Got is finished. The Game of the Throne is over. There is nothing left for us worshipers of Westeros other than waiting for the spin-offs, and seeing the setting destroyed again, or waiting for the books and putting our souls in peace. I have very little to say about this episode, except that for once I found myself in agreement with Kit Harington.

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But let's go in order.

Got: Daenerys' Speech to Armies

The Immaculate and Dothraki, after being practically decimated by the Night King and his army, forget that they are dead and stand in front of the Red Fortress. So Darth Daenerys arrives in front of them. Enjoying the devastation wrought by the tyrant's release, the Queen delivers a speech that all of us fans have already heard.

I guess at this point it's a feature of the Sith, we can't help it. After bragging that he released half the world with fire and blood, Daenerys rightly announces that she wants to break "the chains" to the other half as well. Even this sentence seems to have already heard it ...

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Tyrion, who in the meantime discovered the death of his family and spent hours staring at the traumatized ash, understands all the mistakes made so far. He denies Daenerys by throwing the First Knight's brooch and is arrested for yet another betrayal (dejavu).

Got: The choice is yours Giovanni Neve.

Jon, who in the meantime has understood that he counts how much the two of a cup when trump is a sword, begins to reflect on his love life choices. It is true that Daenerys is his queen, but it is also true that she is a mad genocide. This is revealed by a dialogue with Tyrion, at the end of which Jon has to choose whether to save his family and friends or remain faithful like Ned Stark and condemn the whole world to flames. Giovanni Neve however chooses to give Darth Daenerys, a good Obi-Wan, one last chance of redemption and explains that compassion is the key. However, hearing her aunt justify herself, their work and the freshly made barbecue, she understands that there is no choice. Once the path of dialogue has failed, once again Jon refuses love and chooses duty. Darth Daenerys collapses to the ground, with a dagger stuck in his chest. All very anticlimatic.

Got: That throne has always been ugly

With the death of the Queen comes her fiery beast. Drogon repeatedly makes sure that Daenerys is dead, growls at Jon, realizes it was him ... and destroys the game of thrones. The reason for this choice is not clear and I already see the hordes of fans launching into science fiction explanations such as "He destroyed the other pointed thing that was in the room". No, the blade was well within Daenerys' body, there was hardly a tube at all. The destruction of the throne by a furious Drogon makes no sense told like this. The only justification is that the dragon disliked that uncomfortable chair, that's the only explanation.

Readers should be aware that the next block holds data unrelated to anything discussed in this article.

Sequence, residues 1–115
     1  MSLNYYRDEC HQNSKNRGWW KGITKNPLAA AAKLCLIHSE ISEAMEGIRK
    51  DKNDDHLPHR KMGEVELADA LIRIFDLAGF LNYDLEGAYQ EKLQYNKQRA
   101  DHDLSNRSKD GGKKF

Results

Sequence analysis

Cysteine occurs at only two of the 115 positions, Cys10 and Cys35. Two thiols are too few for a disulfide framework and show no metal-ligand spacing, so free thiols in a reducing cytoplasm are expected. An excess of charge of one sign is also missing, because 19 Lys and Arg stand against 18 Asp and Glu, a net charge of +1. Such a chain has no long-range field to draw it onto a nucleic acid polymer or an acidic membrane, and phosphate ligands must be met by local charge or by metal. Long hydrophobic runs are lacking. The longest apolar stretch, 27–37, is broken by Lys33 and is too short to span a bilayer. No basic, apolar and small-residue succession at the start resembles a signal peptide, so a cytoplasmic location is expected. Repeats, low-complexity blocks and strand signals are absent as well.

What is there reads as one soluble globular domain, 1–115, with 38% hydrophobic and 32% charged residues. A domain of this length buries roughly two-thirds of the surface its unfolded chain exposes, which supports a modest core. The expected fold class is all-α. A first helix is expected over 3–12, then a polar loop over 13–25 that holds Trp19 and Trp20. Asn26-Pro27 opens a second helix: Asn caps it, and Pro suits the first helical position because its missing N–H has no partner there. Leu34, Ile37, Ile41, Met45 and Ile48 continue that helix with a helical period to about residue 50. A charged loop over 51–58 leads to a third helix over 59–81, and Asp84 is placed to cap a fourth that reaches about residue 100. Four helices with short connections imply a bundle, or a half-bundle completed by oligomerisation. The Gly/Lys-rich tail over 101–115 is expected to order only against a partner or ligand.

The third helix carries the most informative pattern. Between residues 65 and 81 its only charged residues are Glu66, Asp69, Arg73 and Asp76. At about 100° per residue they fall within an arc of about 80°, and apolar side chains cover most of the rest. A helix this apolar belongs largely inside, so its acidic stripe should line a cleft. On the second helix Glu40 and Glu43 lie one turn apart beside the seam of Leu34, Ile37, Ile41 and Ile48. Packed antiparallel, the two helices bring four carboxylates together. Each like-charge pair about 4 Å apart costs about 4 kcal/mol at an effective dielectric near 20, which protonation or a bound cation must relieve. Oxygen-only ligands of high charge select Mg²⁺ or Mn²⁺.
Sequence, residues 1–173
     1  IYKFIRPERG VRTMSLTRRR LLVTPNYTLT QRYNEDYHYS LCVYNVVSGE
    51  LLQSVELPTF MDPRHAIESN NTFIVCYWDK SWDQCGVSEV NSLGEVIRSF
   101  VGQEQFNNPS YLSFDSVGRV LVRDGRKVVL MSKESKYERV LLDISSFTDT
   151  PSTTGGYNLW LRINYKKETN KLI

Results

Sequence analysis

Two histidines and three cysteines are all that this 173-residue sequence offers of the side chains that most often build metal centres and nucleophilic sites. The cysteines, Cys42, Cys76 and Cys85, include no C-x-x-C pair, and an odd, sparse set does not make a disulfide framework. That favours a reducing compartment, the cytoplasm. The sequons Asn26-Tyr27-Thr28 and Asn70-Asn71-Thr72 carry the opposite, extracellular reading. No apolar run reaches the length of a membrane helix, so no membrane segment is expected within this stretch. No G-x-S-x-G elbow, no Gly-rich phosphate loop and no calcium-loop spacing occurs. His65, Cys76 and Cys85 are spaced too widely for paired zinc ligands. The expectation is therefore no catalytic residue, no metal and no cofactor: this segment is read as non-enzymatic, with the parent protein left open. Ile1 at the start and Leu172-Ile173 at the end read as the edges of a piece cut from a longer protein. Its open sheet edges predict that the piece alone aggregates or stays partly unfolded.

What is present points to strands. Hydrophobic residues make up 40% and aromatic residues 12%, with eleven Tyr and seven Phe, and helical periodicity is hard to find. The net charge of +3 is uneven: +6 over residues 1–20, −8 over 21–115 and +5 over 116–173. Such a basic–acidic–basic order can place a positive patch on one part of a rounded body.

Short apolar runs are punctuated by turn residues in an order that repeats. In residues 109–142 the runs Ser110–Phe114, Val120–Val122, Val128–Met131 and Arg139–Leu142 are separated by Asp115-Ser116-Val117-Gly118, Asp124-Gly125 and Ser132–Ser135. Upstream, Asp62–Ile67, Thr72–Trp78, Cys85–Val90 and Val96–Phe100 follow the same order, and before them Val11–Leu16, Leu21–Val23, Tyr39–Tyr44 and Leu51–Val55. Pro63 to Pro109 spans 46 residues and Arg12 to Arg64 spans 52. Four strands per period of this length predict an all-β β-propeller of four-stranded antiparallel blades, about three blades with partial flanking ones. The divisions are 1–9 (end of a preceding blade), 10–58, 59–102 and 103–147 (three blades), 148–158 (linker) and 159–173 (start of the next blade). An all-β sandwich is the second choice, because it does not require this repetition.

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He had been looking at me for at least 5 minutes.

Got: The council of characters who haven't seen each other for at least two seasons

With a small time jump we come to the Tyrion trial, where we learn that all the lords of Westeros have gathered at King's Landing. The Goblin and Jon Snow have remained prisoners of Gray Worm, madly angry at the death of his lover and his queen and looking for an enemy to fight, and the powerful of Westeros are asked to make a judgment. It's great to see that the Lords of the Valley are still alive, as well as Edmure Tully! I had assumed that he had been badly killed off the scene, instead he was as alive as useless.

Got: The Kingmaker Apprentice

Tyrion takes the floor, because being accused of high treason is such a no brainer, and convinces everyone of the need for a King. This sovereign will be elected among all the lords of Westeros. After a few comic curtains (Edmure Tully who gets the "put down the uncle flask and sit down" and an attempt at universal suffrage), the Kobold proposes Brandon Stark. By claiming that stories keep people together (if he says so, it will probably be true), Bran proves to be the best candidate as the custodian of all stories. Sansa Stark, Dorne's Palme d'Or candidate for best sister ever, immediately plays the card "Bran has a broken penis, cannot generate heirs". Now, leaving aside for a moment how Sansa might know such a thing (which shouldn't even be true), do you think it's appropriate to give Bran useless in front of everyone? He, who legally remains the legitimate lord of Winterfell and King of the North after Jon Snow.